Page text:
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Vanessa McMahon

Vanessa is a novel writer, screenwriter, rep and a film producer. She shares her discoveries and film surprises. :-)



Interview with Filmmaker Meredith Hama-Brown for 'Broken Bunny' (2018)

Interview with Filmmaker Meredith Hama-Brown for 'Broken Bunny' (2018)

Interview with Filmmaker Meredith Hama-Brown for 'Broken Bunny' (2018)

Film stills from 'Broken Bunny' (2018)

Filmmaker Meredith Hama-Brown's latest short 'Broken Bunny' (2018) screened earlier this summer at the Palm Springs International Shortfest. Inspired by a childhood experience of hers, it tells the story of a young girl who finds a dying rabbit in the middle of the road. Just as she's trying to figure out what to do with it, another young girl picks it up and takes it home as a kind of broken pet. Meredith wrote, directed and executive produced the film. She is also known for previous films: The Fight (2011), Two Dreams (2011) and Nature (III) (2014). 

I interviewed Meredith shortly after the fest. Here is what she had to say:


What inspired this story? Was it based on real events?

MEREDITH: The initial inspiration for the story was in fact real events. When I was a teenager I also came across a severely wounded rabbit on the road and wanted to help it but had no idea how. As I went inside my home, I saw another teenager come across the rabbit and she immediately picked it up to take care of it. I felt awful seeing it because to me it was so clear that the animal should not be moved as it would only hurt it more.


Is this story a comment on human nature?

MEREDITH: Yes it is on some levels. I think that the story examines a human desire to ignore the reality of death. Our main character, although a child, can clearly see that the animal she comes across will not survive. However, she chooses to deny this fact. This is also linked to her inability to let go of youth.


How did you go about casting the film?

MEREDITH: Casting the film with three young actors was surprisingly easy. We sent out a few casting calls and received many submissions. We asked for self-tapes for the initial auditions and brought in a few people for callbacks. During the callbacks we also chatted with the actors to see what they thought of the story. It was nice to get to know them and also it was an opportunity to see if they responded to the material and if they were emotionally prepared to work with the subject matter. I think for a lot of kids (and adults), an injured animal story can be quite traumatic, so we really wanted to make sure that the people we chose would be comfortable working on this.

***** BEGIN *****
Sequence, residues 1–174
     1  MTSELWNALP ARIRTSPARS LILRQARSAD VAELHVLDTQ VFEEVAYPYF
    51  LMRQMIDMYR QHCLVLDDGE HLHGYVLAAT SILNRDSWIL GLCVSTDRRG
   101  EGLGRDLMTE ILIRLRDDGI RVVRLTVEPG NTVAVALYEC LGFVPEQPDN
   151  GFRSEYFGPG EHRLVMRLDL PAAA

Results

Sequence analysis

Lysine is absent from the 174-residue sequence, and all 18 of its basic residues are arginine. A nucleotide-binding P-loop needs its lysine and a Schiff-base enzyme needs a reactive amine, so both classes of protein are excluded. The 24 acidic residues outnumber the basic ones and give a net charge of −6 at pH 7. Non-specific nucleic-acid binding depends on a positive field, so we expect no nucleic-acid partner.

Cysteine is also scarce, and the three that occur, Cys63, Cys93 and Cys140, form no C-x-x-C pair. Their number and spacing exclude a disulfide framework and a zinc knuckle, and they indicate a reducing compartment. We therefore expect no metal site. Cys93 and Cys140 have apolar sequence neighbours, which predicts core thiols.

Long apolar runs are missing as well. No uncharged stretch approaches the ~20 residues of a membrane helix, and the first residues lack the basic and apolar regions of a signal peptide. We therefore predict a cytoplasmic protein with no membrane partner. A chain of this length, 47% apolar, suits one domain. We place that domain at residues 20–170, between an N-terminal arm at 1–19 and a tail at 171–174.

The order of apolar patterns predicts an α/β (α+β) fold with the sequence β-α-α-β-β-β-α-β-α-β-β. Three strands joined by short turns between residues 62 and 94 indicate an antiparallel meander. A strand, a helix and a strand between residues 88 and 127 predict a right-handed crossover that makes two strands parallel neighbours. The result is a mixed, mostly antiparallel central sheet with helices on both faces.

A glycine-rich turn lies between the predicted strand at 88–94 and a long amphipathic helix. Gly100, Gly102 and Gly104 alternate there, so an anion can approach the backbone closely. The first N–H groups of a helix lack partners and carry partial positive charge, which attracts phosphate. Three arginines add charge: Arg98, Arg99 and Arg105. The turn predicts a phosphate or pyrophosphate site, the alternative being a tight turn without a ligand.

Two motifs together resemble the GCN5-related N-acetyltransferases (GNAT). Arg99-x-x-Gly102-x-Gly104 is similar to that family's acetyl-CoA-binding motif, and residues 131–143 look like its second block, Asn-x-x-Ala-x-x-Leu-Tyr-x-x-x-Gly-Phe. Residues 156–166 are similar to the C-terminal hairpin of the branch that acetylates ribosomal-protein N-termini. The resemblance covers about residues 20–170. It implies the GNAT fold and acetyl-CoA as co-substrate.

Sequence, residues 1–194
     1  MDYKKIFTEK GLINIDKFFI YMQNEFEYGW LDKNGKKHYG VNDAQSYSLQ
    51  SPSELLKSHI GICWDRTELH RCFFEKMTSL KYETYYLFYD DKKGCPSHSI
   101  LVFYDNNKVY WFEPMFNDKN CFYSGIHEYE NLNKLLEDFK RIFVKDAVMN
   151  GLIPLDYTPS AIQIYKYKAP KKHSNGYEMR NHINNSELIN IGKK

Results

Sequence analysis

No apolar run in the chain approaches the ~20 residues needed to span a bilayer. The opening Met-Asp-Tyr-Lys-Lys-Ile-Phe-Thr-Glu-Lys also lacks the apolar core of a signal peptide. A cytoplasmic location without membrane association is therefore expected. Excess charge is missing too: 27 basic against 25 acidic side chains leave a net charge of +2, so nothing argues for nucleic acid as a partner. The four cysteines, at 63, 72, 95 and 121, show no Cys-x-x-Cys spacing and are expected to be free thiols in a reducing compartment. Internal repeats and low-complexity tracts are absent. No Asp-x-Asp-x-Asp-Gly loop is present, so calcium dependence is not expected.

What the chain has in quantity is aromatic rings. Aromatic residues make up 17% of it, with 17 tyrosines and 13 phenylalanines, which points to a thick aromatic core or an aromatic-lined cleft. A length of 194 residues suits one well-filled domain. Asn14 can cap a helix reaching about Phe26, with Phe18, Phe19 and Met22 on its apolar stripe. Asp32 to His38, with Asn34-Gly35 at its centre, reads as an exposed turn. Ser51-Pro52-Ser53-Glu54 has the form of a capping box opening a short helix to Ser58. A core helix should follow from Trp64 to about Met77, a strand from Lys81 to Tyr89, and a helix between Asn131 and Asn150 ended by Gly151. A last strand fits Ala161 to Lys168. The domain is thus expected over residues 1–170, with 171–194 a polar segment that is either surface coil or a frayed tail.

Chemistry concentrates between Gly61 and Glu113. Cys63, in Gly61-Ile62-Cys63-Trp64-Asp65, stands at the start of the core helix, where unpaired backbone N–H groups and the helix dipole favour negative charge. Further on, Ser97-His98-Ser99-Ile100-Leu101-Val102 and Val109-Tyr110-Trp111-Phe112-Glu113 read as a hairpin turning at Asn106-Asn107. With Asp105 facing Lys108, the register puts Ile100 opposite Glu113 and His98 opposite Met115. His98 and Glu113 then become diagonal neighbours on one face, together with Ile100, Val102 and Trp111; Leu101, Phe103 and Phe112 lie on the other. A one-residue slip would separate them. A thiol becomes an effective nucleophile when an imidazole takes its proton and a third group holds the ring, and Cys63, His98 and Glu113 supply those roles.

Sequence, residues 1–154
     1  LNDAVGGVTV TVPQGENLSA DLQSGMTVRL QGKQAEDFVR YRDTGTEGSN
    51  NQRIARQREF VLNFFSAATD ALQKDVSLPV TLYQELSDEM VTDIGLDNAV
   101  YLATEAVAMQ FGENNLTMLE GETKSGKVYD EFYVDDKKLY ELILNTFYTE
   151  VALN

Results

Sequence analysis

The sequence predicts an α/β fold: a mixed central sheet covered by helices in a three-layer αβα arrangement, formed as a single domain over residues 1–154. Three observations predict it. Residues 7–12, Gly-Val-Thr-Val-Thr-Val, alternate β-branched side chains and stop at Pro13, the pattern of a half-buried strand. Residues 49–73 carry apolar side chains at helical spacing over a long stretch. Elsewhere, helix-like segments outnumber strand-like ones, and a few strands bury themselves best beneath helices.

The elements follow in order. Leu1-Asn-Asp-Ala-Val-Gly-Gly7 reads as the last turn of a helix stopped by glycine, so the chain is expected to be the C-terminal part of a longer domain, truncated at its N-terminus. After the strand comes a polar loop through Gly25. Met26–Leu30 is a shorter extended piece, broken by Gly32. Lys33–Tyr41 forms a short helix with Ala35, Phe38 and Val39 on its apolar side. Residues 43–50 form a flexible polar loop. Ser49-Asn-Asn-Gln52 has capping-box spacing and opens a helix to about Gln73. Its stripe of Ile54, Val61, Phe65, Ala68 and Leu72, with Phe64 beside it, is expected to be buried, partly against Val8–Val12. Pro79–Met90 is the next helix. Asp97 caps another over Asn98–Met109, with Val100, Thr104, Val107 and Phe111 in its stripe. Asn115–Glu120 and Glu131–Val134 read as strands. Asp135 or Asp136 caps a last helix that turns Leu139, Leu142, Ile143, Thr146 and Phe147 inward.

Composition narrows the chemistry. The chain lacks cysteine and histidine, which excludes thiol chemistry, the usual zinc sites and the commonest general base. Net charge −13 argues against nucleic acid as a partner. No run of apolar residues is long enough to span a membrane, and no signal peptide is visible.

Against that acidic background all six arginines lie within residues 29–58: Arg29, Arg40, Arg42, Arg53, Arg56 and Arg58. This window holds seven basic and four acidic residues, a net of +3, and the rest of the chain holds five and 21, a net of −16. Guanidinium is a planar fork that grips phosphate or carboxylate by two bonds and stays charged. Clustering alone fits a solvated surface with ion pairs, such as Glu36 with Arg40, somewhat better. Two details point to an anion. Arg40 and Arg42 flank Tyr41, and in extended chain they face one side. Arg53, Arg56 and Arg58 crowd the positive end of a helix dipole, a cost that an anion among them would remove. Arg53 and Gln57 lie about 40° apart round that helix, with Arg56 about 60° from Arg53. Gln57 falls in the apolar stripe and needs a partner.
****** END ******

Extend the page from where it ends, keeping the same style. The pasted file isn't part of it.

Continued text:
You have directed a lot of shorts. Do you think you will go on to a feature?

MEREDITH: Yes that’s the plan! I hope to come up with a script in the near future that I want to move forward with. I love working on shorts but I know that if I want to stay in the narrative world of filmmaking then it just makes sense to move on to the next step. I also see a lot of amazing filmmakers around me do their first feature and I see how much new opportunity it brings to their careers. 


You recently attended PS Shortfest. How was that experience?

MEREDITH: Palm Springs Shortfest was an amazing festival to take part in. It had an incredible line-up of films, it was very well organized, and there were so many inspiring filmmakers there that I had the chance to meet. Most of all, the people organizing the festival were incredibly hospitable. It really is the type of festival that has a ton of heart. I will certainly be submitting all future short films there.


What are you working on next?

MEREDITH: The next few months I have a lot of projects to wrap up. The main ones are two more short films I shot recently. One of them is another narrative film called “Cosmic” that follows a couple in their sixties as they grapple with conflicting personalities on a second date. And the other is a three-minute stop motion experimental film called “Mind Mirror” that took me three years to shoot! It is made from hundreds of hand cut pieces of paper and shot on Super 8mm film.


Interview by Vanessa McMahon




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